Ukraine Response: Wycliffe Poland

As of this week, more than 60 percent of the people fleeing Ukraine have come to Poland — more than all other European countries combined. That is 1.7 million refugees and counting, coming to a neighboring country of 38 million.

Agnieszka Domagala

Across Poland, this means a constant flow of people into every city or town, with every church and NGO part of the effort.

“Any church, any organization that has any capacity to host refugees, they do it,” said Agnieszka Domagala, director of Biblijne Stowarzyszenie Misyjne (BSM), also known as Wycliffe Poland. “It’s everyone. Every town is coordinating and trying to coordinate help. But there are also a lot of bottom-up initiatives. People are just volunteering. Giving clothing, shelter. Warm meals. Picking up people from railway stations. So it is an amazing, amazing volunteer movement.”

Speaking via Zoom from her church in Wroclaw, Agnieszka’s internet connection was unstable because it is being used by so many people staying there. Her attention is necessarily split right now between her part-time role as Wycliffe Poland’s director and serving at the church where her husband is a pastor. The church initially thought it could offer 20 beds. That quickly grew to 60 families or singles now under their care at the church, plus about the same number who have stayed there temporarily and then settled around town or in nearby villages.

For Ukrainian kids in Poland: backpacks filled with activities.

“We have a crisis center, so people can stay in the church and live here and we coordinate everything — food, clothing, schooling, medical help,” she said. “Everything you can think of. The church is used as a place to stay, and also as a transit place because there is a constant stream of refugees. They stay for one or two days, or even for a few hours to have a warm meal, and then they go further, like to Germany or to other places in Poland. Or some stay longer.

“It's not only us, but other churches we know in Poland are doing the same,” she said. “And different organizations are doing the same. So it is a united movement. People think, Where can I give my hand? And then we just do it.

“This is how the situation more or less looks everywhere in Poland. We are trying to find accommodations for people and then connect them with their food supplies, medical supplies, doctors and any help they need. We are very busy. Our days are long.”

Supplies for Ukraine

Only five people work in the small office. There is no space to house refugees. So they came up with another plan, based on a need they knew about from their connections with Roma people groups across Ukraine, Slovakia and Poland. Women with children are crossing from Ukraine into bordering countries. But man of fighting age (18-60) have to stay behind. Once they deliver their families to the border, they have no place to go. So they become homeless wanderers in Ukraine, largely in the Transcarpathia (Zakarpatska) cities of Mukachevo, Uzhhorod and Beregov.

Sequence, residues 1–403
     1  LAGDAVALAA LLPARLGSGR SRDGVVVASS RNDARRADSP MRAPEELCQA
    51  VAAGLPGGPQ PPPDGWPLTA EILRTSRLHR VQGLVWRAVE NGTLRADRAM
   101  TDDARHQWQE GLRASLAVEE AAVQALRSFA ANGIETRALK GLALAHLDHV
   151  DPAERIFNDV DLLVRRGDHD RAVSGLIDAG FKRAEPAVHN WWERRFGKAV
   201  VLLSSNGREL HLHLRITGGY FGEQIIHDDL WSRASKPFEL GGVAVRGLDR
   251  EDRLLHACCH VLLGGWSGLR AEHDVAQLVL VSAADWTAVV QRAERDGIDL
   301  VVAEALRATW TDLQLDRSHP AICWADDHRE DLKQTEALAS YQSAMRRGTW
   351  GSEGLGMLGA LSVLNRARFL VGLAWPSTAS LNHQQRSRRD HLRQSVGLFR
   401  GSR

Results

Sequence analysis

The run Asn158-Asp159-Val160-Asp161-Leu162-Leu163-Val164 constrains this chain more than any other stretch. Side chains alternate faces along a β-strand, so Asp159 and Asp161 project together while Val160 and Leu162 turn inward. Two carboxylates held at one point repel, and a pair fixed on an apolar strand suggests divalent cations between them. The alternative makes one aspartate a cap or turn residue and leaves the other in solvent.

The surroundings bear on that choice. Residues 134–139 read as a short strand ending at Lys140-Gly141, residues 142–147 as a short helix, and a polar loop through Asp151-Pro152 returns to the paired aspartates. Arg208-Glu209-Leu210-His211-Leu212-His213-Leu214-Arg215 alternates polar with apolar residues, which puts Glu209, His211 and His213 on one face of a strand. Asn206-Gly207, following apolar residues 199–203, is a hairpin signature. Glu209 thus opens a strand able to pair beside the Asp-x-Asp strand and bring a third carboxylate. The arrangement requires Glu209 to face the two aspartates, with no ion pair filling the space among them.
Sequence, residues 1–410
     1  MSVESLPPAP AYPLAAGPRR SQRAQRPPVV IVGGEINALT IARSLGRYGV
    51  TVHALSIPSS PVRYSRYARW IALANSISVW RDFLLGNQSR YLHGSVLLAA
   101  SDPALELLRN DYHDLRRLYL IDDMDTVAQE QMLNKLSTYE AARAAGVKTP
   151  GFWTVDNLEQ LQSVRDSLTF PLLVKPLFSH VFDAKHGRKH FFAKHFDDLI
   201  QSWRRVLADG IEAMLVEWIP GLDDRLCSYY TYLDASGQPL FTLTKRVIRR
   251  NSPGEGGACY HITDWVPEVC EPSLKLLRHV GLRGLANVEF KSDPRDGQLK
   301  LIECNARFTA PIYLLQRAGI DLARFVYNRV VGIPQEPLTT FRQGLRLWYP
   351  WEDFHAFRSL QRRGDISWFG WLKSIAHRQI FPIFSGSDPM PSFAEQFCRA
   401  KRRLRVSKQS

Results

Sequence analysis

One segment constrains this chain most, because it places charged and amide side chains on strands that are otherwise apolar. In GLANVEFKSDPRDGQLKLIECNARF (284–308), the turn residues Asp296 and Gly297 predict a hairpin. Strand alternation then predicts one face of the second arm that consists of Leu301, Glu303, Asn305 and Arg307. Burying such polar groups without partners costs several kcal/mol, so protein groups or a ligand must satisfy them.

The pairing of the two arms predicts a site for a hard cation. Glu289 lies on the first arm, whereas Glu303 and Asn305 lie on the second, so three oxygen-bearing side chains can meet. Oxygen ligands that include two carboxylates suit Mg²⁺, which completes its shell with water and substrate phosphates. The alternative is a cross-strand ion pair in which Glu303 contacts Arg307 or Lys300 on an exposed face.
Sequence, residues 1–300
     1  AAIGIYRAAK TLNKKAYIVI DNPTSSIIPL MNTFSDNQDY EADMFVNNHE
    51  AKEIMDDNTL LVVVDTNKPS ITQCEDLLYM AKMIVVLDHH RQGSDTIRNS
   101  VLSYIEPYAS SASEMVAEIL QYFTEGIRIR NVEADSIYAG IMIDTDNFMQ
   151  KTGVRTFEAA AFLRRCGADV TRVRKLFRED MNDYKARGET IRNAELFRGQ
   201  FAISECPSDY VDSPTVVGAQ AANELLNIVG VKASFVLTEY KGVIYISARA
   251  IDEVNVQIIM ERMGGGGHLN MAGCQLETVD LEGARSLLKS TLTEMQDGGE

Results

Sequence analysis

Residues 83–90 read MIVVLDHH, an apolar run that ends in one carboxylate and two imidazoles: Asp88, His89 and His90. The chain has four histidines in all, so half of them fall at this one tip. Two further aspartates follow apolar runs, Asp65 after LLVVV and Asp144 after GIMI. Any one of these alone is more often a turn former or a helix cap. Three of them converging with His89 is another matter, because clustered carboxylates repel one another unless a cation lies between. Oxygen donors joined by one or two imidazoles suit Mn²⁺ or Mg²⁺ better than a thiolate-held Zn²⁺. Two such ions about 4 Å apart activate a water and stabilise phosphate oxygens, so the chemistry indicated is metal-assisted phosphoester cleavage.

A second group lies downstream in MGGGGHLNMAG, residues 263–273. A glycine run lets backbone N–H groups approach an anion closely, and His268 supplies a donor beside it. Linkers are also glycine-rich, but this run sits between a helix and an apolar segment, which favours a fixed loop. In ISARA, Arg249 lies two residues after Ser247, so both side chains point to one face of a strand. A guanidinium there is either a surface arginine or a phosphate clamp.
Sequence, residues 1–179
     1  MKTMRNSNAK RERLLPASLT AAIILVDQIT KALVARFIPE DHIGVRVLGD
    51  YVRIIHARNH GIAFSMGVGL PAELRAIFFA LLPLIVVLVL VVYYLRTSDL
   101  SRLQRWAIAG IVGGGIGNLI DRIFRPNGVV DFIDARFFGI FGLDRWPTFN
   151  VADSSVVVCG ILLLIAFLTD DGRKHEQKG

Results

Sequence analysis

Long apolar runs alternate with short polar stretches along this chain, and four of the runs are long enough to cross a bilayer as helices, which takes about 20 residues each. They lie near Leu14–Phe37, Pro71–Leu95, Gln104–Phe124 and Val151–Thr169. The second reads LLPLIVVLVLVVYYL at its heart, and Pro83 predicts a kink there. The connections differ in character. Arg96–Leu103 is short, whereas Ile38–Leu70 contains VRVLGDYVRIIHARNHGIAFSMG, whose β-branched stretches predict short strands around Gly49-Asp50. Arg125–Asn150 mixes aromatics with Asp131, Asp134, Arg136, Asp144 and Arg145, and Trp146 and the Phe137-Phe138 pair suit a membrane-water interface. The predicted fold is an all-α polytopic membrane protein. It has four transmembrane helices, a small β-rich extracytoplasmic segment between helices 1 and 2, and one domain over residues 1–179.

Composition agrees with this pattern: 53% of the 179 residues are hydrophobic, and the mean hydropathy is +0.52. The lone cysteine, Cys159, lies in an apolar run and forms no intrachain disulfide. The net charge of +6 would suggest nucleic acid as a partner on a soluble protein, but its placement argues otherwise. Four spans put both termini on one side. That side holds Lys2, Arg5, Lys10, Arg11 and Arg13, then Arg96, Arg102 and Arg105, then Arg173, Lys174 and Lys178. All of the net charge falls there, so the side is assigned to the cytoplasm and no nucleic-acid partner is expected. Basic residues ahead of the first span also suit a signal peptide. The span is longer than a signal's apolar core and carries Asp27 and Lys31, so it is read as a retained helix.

That is only part of the crisis in that region. Internal refugees from other parts of Ukraine have been arriving by the thousands. Local residents are hurting, too, as supermarkets run out of groceries. And the pandemic left many residents, particularly Roma people, unemployed and impoverished.

“These people need urgent help,” Agnieszka said. “We decided we will go toward transporting humanitarian aid—simple food and toiletries.”

Loading supplies bound for western Ukraine.

BSM is purchasing bulk supplies in Poland and then transporting them in vehicles that weigh less than 3.5 tons, because they can get through the border more quickly. Four transport convoys have delivered supplies successfully to Ukraine since 11 March. BSM is partnering with the Evangelical Church of the Living God in Mukachevo, whose members are distributing the supplies once they arrive. Former Director Jerzy Marcol is leading this effort for BSM.

The cost of each transport is $3,500 US, Agnieszka said. BSM is raising funds to support the effort. Click here to contribute.

“Refugees in Poland, we see they are constantly and steadily taken care of,” she said. But for the people who stay in Ukraine, after two weeks of war, the work is not normal and shops are empty. So we decided to go this way.”

Long-Term Pain

BSM is also thinking beyond people’s immediate needs for food and shelter to the staggering emotional toll the war is taking on Ukrainians and those caring for them.

Front and back of the card directing Ukrainian refugees to Bible apps in their languages, along with an image of the phone screen the QR code brings them to.

“We already have noticed, in our church, people staying here for two weeks have signs of depression,” Agnieszka said. “So there definitely will be a need to work in this area.”

SIL produces a trauma-healing resource booklet called Beyond Disaster, which is available in Russian and Ukrainian but not Polish. So, BSM translators hope to translate it soon so it can be ready as a resource for Polish churches.

Also, Faith Comes by Hearing offered cards with a QR code directing refugees in numerous European countries to a Bible app with Ukrainian and Russian versions available. BSM is printing and distributing the cards among Polish churches, where they are already being used to help Ukrainian people find Scripture in their languages.

Prayer needs

Agnieszka listed these points for prayer support for Poland and BSM:

  • For emotional strength and comfort on both sides—refugees and volunteers.
  • For the good coordination of our efforts, safe transportation and good use of the supplies which flow through our hands.
  • For more volunteers (long distance), plus energy and stamina for all volunteers already involved in any form of help.


Biblijne Stowarzyszenie Misyjne / Wycliffe Poland:

Story: Jim Killam, Wycliffe Global Alliance

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